Nov 4, 2004
As we sift through the results of Campaign 2004, let us pause to praise negative campaigning. Bemoaning attack politics is, of course, de rigueur for All the Right People. When President Bush began his fusillade against John Kerry in May, Prof. Darrell West of Brown University predicted "the most negative campaign ever," and many analysts agreed.
President Bush hammered Senator Kerry as unprincipled, uncertain, unsteady. "He looks French," sniffed Commerce Secretary Don Evans.
Persuaded by focus groups that swing voters don't like negatives, the Kerry campaign initially turned the other cheek. During the Democratic National Convention, Kerry strategists scrubbed every speech, excising attacks on President Bush. They even complained that former President Jimmy Carter was too anti-Bush; when you think a Nobel Peace Prize winner is too mean, you're really running a positive campaign. The Kerry camp found itself trailing by double digits after the Republican National Convention in September.
Then, spurred by a conversation with former President Bill Clinton, Mr. Kerry went on the offensive. He accused the president of dishonesty and incompetence in the prosecution of the Iraq war. Tough stuff, that, and the race was soon a dead heat.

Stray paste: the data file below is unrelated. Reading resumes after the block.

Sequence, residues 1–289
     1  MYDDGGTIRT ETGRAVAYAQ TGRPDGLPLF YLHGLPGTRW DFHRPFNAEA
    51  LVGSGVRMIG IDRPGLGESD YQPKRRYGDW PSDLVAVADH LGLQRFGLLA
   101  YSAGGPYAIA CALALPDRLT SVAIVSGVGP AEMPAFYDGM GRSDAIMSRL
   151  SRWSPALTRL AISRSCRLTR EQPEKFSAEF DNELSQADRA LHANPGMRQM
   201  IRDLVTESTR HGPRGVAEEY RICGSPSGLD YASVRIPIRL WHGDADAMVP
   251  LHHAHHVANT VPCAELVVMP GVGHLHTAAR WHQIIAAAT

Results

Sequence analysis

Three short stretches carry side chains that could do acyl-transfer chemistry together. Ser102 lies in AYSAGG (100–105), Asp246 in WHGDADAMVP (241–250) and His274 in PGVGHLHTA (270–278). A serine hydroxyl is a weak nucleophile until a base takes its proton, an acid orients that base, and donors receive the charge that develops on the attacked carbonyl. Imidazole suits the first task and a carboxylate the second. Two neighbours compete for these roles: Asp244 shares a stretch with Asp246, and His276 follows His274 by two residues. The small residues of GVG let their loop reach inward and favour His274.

And so it went - Republicans ran ads with wolves; Democrats countered with an ostrich. There was a brief moment last week when both men pledged not to politicize the Osama bin Laden tape. Then they both did exactly the opposite - with Mr. Bush asserting the tape was a reminder that America could ill afford Kerryesque vacillation in the face of evil, and Mr. Kerry countering that the only reason Mr. bin Laden was making videotapes was that Mr. Bush had "outsourced" his capture to Afghan warlords.
After such a brutal campaign, one would expect voters to be turned off. Indeed, the political scientists Shanto Iyengar and Stephen Ansolabehere have written that negative campaigning "may diminish the power of civic duty and may undermine the legitimacy of the entire electoral process."
But to the surprise of the handwringers, the viciousness of the campaign inspired voters to stand in line for hours in a rare display of the power of civic duty. And Mr. Bush's relentlessly negative campaign earned him the ultimate legitimacy - a solid majority of the vote in a high-turnout election.
To be sure, all negative campaigning is not created equal. Criticisms of ideas and issues are more successful than personal attacks on character. Case in point: when Republican Congressional candidates attacked Democrats relentlessly on issues - in their Contract With America campaign of 1994 - they won handily. But after the relentless assault on President Clinton's character over the next two years, he became the first president in more than a century to gain Congressional seats in the sixth year of his presidency.
Americans are tough, and we expect our politicians to be tough. Say what you will about President Bush and Senator Kerry, but you must admit they're tough guys who ran tough campaigns. And the voters rewarded their negativity by turning out in droves.
Paul Begala, co-host of CNN's "Crossfire" and a former aide to President Bill Clinton, is a professor at the Public Policy Institute of Georgetown University.